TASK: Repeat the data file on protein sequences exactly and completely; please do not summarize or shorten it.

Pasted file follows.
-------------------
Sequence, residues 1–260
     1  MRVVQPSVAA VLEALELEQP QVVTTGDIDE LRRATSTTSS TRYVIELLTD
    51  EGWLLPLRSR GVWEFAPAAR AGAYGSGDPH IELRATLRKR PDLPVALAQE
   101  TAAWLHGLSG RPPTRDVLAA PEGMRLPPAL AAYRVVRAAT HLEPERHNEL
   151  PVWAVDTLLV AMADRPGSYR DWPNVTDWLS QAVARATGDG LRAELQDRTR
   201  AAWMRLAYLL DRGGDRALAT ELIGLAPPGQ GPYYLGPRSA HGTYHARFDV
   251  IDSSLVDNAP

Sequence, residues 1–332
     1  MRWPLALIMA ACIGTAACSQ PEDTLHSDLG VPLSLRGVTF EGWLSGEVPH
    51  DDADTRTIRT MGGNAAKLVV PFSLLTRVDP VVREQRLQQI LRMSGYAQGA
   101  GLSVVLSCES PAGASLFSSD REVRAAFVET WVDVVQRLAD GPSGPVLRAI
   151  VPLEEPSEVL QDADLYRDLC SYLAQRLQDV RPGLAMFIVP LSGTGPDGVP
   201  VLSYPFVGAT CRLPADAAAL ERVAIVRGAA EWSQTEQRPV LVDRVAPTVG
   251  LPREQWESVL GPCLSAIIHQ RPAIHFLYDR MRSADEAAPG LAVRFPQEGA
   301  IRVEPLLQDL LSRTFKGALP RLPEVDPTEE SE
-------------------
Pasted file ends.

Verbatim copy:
Sequence, residues 1–260
     1  MRVVQPSVAA VLEALELEQP QVVTTGDIDE LRRATSTTSS TRYVIELLTD
    51  EGWLLPLRSR GVWEFAPAAR AGAYGSGDPH IELRATLRKR PDLPVALAQE
   101  TAAWLHGLSG RPPTRDVLAA PEGMRLPPAL AAYRVVRAAT HLEPERHNEL
   151  PVWAVDTLLV AMADRPGSYR DWPNVTDWLS QAVARATGDG LRAELQDRTR
   201  AAWMRLAYLL DRGGDRALAT ELIGLAPPGQ GPYYLGPRSA HGTYHARFDV
   251  IDSSLVDNAP

Sequence, residues 1–332
     1  MRWPLALIMA ACIGTAACSQ PEDTLHSDLG VPLSLRGVTF EGWLSGEVPH
    51  DDADTRTIRT MGGNAAKLVV PFSLLTRVDP VVREQRLQQI LRMSGYAQGA
   101  GLSVVLSCES PAGASLFSSD REVRAAFVET WVDVVQRLAD GPSGPVLRAI
   151  VPLEEPSEVL QDADLYRDLC SYLAQRLQDV RPGLAMFIVP LSGTGPDGVP
   201  VLSYPFVGAT CRLPADAAAL ERVAIVRGAA EWSQTEQRPV LVDRVAPTVG
   251  LPREQWESVL GPCLSAIIHQ RPAIHFLYDR MRSADEAAPG LAVRFPQEGA
   301  IRVEPLLQDL LSRTFKGALP RLPEVDPTEE SE